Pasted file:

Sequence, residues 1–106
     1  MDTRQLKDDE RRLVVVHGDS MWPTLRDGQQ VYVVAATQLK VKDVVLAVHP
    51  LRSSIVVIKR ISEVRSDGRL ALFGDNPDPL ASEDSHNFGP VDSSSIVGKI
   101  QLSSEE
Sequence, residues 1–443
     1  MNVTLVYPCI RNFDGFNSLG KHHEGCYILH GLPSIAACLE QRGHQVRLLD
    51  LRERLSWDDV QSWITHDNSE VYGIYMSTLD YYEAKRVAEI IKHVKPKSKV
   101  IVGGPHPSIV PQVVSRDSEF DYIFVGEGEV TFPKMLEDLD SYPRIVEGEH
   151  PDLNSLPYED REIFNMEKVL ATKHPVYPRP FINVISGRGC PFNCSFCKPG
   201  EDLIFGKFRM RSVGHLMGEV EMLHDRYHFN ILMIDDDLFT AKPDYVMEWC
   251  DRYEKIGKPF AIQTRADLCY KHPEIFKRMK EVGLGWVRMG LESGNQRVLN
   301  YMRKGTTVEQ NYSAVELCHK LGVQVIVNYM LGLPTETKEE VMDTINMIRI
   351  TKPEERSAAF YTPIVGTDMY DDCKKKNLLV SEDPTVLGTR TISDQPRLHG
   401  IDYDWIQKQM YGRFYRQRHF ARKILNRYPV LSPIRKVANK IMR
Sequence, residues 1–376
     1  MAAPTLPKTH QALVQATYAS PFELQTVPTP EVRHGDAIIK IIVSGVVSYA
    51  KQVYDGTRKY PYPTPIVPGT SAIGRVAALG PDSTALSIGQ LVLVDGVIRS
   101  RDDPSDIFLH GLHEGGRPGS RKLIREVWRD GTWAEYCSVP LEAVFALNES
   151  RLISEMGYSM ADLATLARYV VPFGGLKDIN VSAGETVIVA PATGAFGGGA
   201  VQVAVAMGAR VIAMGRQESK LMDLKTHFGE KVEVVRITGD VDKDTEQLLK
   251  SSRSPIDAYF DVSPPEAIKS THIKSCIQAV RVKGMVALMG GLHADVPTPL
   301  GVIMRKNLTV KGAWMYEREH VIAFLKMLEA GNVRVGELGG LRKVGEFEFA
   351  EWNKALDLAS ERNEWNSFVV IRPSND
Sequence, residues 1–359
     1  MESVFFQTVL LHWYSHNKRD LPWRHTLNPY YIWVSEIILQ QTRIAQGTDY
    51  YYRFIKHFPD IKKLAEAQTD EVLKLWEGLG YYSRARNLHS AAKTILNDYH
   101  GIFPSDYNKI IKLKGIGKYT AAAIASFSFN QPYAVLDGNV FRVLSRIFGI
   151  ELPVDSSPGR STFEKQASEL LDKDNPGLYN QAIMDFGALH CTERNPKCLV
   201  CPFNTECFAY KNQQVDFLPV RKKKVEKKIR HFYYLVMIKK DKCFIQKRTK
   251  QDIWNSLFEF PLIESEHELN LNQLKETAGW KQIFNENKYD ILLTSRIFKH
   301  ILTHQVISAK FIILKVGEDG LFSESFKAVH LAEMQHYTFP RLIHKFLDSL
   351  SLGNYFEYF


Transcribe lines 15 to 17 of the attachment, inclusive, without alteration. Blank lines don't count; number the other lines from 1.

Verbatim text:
Sequence, residues 1–376
     1  MAAPTLPKTH QALVQATYAS PFELQTVPTP EVRHGDAIIK IIVSGVVSYA
    51  KQVYDGTRKY PYPTPIVPGT SAIGRVAALG PDSTALSIGQ LVLVDGVIRS